Serve as a biscuit or warm with vanilla ice-cream as a delicious dessert.

Dough:
140g butter (at room temperature)
1/3 cup brown sugar
1 level tsp bicarbonate of soda
¼ tsp salt
¼ tsp ground cinnamon
2 Tbs honey
1 Tbs orange or lemon juice
1 egg
2 cups plain flour
Filling:
2 cups chopped dried figs, stems removed
1/3 cup jam or marmalade
2 Tbs orange or lemon juice
1 Tbs grated fresh ginger or glacé/crystallized ginger (optional)
To finish:
1 egg white, beaten
Icing sugar (optional)

Place butter, brown sugar, bicarbonate of soda, salt, cinnamon and honey in food processor. Process for a minute or two, stopping to scrape down the sides and gradually adding the orange, egg and flour. When thorough mixed use a spatula to scrape the dough onto a piece of plastic wrap. Pat it into a thick square, wrap with the plastic, then refrigerate for an hour or so.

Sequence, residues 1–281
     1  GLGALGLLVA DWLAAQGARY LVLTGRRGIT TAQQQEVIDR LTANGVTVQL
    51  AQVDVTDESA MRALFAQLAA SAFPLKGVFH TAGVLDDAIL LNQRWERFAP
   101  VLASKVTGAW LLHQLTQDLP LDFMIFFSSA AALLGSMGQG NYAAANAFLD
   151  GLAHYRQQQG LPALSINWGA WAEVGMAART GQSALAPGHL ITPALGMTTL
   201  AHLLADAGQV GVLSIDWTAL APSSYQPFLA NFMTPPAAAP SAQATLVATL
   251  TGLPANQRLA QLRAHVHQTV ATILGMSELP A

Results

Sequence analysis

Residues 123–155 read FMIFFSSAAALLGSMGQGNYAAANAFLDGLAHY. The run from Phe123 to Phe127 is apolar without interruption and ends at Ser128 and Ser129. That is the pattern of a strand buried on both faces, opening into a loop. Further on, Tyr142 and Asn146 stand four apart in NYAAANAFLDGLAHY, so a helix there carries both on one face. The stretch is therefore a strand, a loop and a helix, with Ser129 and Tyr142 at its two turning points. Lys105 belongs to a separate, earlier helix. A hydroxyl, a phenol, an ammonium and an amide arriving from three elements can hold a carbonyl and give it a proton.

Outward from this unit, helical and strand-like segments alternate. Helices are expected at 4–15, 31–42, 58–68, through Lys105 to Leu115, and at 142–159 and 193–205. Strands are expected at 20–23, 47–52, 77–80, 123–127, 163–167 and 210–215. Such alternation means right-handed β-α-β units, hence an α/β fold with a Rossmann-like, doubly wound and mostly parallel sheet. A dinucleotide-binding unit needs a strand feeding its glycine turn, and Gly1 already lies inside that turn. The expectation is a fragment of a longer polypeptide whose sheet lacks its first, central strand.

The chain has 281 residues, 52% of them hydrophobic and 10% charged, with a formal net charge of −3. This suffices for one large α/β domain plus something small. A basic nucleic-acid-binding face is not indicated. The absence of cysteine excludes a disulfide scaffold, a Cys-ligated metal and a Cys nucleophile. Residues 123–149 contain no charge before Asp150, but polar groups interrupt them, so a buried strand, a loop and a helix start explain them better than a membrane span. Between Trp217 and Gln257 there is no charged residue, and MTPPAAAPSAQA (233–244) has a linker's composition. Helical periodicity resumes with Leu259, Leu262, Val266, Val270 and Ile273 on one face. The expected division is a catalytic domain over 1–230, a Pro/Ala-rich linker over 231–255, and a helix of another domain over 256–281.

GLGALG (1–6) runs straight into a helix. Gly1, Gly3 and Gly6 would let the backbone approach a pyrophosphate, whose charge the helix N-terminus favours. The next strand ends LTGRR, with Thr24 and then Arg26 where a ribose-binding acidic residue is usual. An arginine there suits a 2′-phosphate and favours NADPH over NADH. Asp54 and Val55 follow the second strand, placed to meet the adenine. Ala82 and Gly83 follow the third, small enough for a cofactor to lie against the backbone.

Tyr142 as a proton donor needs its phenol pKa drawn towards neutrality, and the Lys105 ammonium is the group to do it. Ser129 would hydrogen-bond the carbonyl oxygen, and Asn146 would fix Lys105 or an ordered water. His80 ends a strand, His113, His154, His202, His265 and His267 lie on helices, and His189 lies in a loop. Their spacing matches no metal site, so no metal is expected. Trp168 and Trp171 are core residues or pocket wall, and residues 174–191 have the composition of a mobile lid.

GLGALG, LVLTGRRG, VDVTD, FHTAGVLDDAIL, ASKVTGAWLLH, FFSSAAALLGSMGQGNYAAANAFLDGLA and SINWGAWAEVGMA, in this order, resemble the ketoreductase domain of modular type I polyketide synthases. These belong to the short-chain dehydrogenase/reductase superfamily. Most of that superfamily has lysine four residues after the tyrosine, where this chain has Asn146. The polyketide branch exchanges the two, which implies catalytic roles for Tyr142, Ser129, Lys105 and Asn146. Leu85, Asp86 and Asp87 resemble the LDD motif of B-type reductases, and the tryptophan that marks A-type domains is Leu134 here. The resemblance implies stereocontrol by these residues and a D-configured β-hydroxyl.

There’s no need to wash the food processor before you make the filling. Place all ingredients in food processor and process till smooth, stopping to scrape down the sides.

Preheat oven to 170°C. Cut dough in half and roll out one half on a floured surface to a rectangle approximately 30cm by 10cm. Spread half the filling thickly down the middle as shown in photo. Bring in one side over the filling, then the other side, overlapping with the first side. You may need to use a metal spatula to lift the dough which will be quite soft with a tendency to stick and break. You will then have a long sausage with a seam along the top as shown in the photo. Turn it over and cut into 8 to 10 even pillows. Arrange on a shallow baking tray lined with baking paper, with a space between each biscuit. Repeat with the other half of the dough and filling. Brush with beaten egg white then bake for 15 mins or until light golden brown.